By Alex McRobs
When I was ten years old, I was innately drawn to yoga as an extracurricular at school. I remember flipping through the pamphlet of “After Four” activities offered and being so excited when I came across yoga. I convinced my mom to let me sign up. I don’t remember the asanas themselves – what I remember was savasana. At the end of the class, I remember lying down on our backs, the room becoming dark and us closing our eyes, and the yoga teacher leading us to imagine floating on clouds. It felt serene and peaceful.
What I loved about it was that while practising, my turbulent brain felt calm and still, for the first time ever.
I dabbled in and out of yoga throughout my teens, but I think I was too young to see the direct impact it had on my life. It became a consistent daily practice when I was eighteen. At that age, my mental health struggles had become unbearable. I couldn’t understand my mood disorder - which was later diagnosed as the symptoms of bipolar disorder. A counsellor recommended I try yoga.
After that first sixty-minute class, walking out of the room, I mindfully moved, step by step, foot by foot, down the narrow, long hallway. I was a different person than I was an hour before. Physically, my body felt spacious and lighter, but also mentally, I felt different. Up until that moment, I had lived my life walking with anxiety and depression always surrounding me. This was the first moment in my life I walked with neither around me. I didn’t know what it was, I just knew that it was different. On the way out of the studio, I saw a sign advertising a Thirty Day Yoga Challenge starting a few days later. Without a second thought, I signed up. I went to the yoga studio every single day. And I started to experience a bit of calm, a bit of balance, and a bit of bliss.
Yoga became my haven. Whenever I felt like I was sliding into a space of anxiety, or slipping into depression, or my mind was beginning to race, the studio was where I went.
I’ve now practiced yoga almost every day for over a decade. I can say as a cliche: it transformed my life. At the time in which I discovered it, it was magic I didn’t understand. Years later, I’ve taken several Yoga Teacher Training courses, taught over 3,000 yoga classes, led retreats around the world, and even led my own 200 and 300 Hour Yoga Teacher Training. I understand more about the science behind it - and one of the main benefits is how yoga impacts the Nervous Systemt. When experiencing stress, the sympathetic nervous system is activated. A physiological reaction called the Fight or Flight response occurs when the stress is high. This moves us from a state of balance to a state of action.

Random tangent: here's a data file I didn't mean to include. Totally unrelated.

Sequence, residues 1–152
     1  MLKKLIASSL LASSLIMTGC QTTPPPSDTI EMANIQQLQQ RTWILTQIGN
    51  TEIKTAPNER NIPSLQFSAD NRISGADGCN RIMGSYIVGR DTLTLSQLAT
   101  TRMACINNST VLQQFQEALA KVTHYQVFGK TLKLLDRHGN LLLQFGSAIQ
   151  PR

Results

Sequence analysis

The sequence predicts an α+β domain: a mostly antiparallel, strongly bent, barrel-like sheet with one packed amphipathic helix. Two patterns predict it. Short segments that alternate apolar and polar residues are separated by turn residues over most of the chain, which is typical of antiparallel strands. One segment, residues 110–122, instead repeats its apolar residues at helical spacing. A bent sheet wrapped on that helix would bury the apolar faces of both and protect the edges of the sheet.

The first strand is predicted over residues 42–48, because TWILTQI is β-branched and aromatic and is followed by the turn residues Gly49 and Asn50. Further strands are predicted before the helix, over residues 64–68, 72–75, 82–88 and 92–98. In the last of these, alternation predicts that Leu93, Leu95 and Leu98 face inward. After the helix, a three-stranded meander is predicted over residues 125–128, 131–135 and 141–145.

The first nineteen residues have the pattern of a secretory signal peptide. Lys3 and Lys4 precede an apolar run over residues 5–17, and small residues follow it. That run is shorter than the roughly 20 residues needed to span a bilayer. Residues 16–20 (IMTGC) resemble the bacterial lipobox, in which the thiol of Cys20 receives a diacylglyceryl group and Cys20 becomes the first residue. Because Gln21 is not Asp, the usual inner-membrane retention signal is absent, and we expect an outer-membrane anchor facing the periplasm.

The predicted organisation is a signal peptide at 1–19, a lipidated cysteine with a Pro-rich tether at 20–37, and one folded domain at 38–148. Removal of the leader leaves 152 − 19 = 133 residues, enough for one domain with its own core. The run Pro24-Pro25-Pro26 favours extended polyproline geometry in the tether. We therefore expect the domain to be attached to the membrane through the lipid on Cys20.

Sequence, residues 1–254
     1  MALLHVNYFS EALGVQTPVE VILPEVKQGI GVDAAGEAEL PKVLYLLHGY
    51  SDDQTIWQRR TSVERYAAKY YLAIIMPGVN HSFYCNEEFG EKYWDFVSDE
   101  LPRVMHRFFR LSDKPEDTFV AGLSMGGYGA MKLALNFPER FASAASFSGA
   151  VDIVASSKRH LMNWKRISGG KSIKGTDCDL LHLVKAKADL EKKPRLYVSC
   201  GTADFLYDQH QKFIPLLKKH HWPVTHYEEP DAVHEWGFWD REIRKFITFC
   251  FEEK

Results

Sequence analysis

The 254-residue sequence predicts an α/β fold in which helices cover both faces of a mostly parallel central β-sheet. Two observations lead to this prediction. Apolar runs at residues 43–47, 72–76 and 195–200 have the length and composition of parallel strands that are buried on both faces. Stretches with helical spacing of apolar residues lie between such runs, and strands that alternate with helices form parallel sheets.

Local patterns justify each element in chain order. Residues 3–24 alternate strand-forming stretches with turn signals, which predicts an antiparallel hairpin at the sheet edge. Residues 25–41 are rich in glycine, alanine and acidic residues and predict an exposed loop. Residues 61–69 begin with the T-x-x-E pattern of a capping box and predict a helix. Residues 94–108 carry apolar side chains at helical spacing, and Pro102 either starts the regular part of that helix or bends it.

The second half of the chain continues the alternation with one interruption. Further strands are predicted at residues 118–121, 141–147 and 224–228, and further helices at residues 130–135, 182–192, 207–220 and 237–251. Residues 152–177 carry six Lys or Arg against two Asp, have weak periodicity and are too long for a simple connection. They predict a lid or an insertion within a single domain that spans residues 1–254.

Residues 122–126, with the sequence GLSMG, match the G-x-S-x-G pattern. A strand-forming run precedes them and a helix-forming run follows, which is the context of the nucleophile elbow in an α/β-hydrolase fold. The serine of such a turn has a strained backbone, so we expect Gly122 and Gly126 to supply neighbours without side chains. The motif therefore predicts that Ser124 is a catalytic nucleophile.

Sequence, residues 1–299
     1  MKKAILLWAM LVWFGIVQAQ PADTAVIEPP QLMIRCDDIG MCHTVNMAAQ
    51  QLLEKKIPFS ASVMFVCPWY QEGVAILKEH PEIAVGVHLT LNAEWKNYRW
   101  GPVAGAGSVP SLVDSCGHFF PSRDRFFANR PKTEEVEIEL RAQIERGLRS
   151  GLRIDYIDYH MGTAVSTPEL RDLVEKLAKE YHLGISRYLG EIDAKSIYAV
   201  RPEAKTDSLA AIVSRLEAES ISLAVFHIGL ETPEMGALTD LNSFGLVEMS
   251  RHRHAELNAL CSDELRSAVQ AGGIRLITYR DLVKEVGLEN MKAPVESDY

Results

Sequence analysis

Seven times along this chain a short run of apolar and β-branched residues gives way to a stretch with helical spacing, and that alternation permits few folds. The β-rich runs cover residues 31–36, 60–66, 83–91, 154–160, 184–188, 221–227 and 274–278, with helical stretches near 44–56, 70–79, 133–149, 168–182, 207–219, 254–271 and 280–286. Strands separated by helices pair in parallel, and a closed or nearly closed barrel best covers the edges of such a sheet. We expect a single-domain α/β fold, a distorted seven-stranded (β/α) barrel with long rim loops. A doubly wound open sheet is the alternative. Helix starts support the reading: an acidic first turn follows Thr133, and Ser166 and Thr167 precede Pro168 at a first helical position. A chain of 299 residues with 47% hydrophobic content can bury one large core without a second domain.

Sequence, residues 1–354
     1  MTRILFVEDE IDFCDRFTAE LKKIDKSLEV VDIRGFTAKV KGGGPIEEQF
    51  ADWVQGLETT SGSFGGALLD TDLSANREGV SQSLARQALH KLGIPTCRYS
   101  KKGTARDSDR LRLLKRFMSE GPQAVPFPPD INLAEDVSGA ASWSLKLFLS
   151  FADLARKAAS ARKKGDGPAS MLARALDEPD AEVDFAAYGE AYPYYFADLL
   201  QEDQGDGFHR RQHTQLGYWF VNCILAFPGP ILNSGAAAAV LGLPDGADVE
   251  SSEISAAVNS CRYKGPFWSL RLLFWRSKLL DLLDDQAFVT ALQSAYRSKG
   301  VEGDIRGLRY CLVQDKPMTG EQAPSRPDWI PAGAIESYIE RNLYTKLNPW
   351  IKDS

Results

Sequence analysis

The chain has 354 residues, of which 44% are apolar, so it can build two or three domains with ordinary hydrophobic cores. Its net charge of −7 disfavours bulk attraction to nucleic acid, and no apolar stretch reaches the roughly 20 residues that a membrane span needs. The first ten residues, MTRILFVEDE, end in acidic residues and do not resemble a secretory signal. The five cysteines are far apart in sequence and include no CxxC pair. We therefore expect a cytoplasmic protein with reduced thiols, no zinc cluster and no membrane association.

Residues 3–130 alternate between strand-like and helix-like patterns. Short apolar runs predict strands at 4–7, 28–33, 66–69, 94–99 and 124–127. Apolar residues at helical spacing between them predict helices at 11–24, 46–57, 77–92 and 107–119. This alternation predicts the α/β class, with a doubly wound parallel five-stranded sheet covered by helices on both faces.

Chronic stress is known to both cause and worsen disease. For me, chronic stress in the form of childhood trauma was then worsened by my use of alcohol, poor nutrition, and lack of coping skills. This was the perfect storm to create a mental health crisis within me - yoga was the only thing that could help.
In 1975, Dr Herbert Benson documented what he called “The Relaxation Response” - a state of rest that is experienced when the parasympathetic nervous system is triggered, which calms us down and takes us from fight or flight to rest and digest.
When the Relaxation Response is activated, so are the body systems that were shut down from Fight or Flight, including digestion, growth, repair and reproduction. Meditation and yoga have been shown to initiate the Relaxation Response.
The primary reason that yoga transforms our lives is that it triggers the Relaxation Response - and when we’re showing up for ourselves every single day, and making that happen, we can navigate the world from a more calm, consistent, grounded space.
Yoga feels like it’s magic - but the impacts of it I felt all those many years ago are very real. Teaching yoga around the world for almost a decade, and running Sober Girls Yoga 30 Day Challenges every month, I’ve been able to watch this transformation in thousands of people, year after year.
Yoga changed my life. It works. It changes the lives of so many people. But the only catch is - you have to show up and do the yoga practice.